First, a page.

Okie Chic said...

So cool I've never heard of these!! I do love them in a bowl so cute.

Debbie said...

Those are amazing, love the story behind them! I've never heard of them, but will be on the lookout!
Debbie

The 2 Seasons said...

I bought just one of those balls at the Brimfield Antique Show from that man. He was getting low on his supply then. It was a few years ago. I put it in with my antique croquet balls since I just had one. I was flying and couldn't put a lot in my luggage - too heavy.

laney said...

...how interesting...no i have no balls...but i do have the chattahoochee...love your blog...and am always happy to hear that people love our scott's...and oh...how we miss lakewood...

Babs said...

Alison, No, I don't have any from the rivers near me... you have the ones from the river in my area. LOL I'm kidding of course, but the Chattahoochee River is about 10 miles from me. I know you can buy stone or ceramic balls online for filtration.. they must still use them somewhere. I love the look of yours..the patina, etc. Glad you found some more, even if they are smaller.
Hugs and have a great weekend.

Cozy Home Scenes said...

I've heard about those rocks, but have never seen them. They are very pretty they way you have decorated with them.

Cozy Home Scenes said...
This comment has been removed by the author.
SHERRY HART said...

I have some also....bought them at Scott's many years ago. I love the patina they have.....no one has ever done a post on them before!!!

Anonymous said...

I have about two dozen of the marble stones. They range in size from a little larger than a baseball and as small as an inch and a half in diameter. It's funny because my geology professor told me that they were naturally occurring rock formations and I was sure that they were man made. I should look him up and share this story. Thank you for the explanation for these little treasures.

Anonymous said...

I just made the post about the 24 stone balls. I just wanted to let you know that my marble spheres came from Joplin Missouri.

Anonymous said...

Wow. I found some of these. If anyone is interested, text me at ajbuynar@yahoo.com

Theresa said...

I saw the guy in Atlanta and he has more of these now. He is at the Scott's show this weekend. His website is www.madebyengland.com. You can probably get contact info there.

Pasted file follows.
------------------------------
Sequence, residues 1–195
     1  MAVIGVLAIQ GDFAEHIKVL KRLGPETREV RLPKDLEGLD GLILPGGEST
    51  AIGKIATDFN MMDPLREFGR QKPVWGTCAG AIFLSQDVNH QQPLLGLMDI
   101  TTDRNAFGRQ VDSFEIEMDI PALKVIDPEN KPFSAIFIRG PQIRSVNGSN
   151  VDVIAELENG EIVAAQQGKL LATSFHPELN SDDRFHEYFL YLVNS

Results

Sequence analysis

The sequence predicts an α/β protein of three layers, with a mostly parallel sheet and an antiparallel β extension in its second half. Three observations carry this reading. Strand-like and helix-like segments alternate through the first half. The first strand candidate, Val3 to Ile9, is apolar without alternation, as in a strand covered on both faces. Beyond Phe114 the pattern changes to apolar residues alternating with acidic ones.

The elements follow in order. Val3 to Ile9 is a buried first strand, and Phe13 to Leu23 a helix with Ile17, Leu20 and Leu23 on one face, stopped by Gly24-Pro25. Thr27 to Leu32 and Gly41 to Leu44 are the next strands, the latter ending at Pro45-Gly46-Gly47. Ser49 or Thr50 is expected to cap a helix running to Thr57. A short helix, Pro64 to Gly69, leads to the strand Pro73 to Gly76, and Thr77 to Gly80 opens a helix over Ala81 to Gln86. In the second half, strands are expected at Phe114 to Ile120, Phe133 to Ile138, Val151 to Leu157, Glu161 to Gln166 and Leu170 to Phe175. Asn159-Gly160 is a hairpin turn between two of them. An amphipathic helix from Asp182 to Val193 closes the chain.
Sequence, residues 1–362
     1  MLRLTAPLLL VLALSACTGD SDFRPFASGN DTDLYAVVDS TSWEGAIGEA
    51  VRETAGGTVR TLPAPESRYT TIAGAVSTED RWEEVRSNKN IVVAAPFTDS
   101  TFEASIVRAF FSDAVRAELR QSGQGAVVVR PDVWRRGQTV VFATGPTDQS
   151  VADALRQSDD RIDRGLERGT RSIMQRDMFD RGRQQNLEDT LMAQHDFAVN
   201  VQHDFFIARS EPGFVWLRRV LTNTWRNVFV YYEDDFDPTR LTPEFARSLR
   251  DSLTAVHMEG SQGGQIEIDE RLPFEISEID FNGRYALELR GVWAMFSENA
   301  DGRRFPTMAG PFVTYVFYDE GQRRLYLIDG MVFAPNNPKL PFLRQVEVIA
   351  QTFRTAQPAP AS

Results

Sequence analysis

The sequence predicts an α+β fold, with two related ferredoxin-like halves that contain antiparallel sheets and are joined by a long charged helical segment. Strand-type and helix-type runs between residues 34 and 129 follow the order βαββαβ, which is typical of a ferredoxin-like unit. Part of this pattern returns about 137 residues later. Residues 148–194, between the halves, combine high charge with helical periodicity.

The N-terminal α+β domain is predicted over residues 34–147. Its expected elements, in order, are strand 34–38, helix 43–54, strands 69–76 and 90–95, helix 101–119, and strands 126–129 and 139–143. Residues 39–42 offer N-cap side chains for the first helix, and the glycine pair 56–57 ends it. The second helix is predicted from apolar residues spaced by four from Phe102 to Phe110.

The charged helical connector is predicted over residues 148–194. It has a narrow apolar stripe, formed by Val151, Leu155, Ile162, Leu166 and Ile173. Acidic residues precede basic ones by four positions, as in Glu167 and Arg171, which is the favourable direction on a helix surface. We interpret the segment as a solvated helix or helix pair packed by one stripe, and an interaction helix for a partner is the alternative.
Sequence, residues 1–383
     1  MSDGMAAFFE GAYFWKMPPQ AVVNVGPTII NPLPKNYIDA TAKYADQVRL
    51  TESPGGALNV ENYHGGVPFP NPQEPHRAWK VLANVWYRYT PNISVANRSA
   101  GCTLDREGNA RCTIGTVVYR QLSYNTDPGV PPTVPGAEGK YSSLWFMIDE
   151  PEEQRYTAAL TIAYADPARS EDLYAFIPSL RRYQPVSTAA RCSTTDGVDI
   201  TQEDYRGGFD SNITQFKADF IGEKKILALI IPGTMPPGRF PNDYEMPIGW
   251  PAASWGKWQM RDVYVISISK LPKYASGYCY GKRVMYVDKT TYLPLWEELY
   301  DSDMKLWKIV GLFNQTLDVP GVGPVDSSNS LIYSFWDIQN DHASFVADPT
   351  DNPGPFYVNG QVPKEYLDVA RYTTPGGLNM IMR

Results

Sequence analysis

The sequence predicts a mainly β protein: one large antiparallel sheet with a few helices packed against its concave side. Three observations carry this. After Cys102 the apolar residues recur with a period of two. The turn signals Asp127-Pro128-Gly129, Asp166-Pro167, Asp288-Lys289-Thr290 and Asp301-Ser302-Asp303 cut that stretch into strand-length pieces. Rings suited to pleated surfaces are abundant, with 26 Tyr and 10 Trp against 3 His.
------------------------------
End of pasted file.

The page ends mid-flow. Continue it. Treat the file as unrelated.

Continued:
Ron Raleighmodern said...

I have a couple of hundred of these balls from the Chattahoochee River-some cleaner than others.
They are great decorative touches displayed in bowls or tall clear vases!
raleighmodern@nc.rr.com

Phyllis said...

Hi. I just purchased a quantity of these stones, also from the Chattahoochee River and below Atlanta. My research led me to find they are rhyolite, a high-silica lava from when the Appalachians were actively volcanic (see About.com-geology). The light color is not typical, but maybe this is common for the region. Also, the University of Pennsylvania has a great article online on how they are formed (naturally) by the erosive river action: the farther down the river, the smaller the balls. If they were used in a water filtration system, the builders gathered them; they didn't make them. I got a kick out of imagining a bunch of guys grinding away at rocks until perfectly round and then tossing them into a sewer. Pretty labor-intensive for that purpose! They are a wonder of nature, for sure.

Alison Myers said...

I have been looking for an answer to what these spheres are, for years! I inherited about 8 of them from my grandfather who passed away when my mom was very young. My mom gave them to me and didn't know what they were but she knew I would appreciate them. A few years ago, I was raking some leaves in the woods (to make a trail) at home and stumbled across one, so I added it to my collection. I have taken them to rock shows, Pow Wows, asked museum experts, and nobody could give me any clue as to what they were. Thank you! (I live in Michigan.)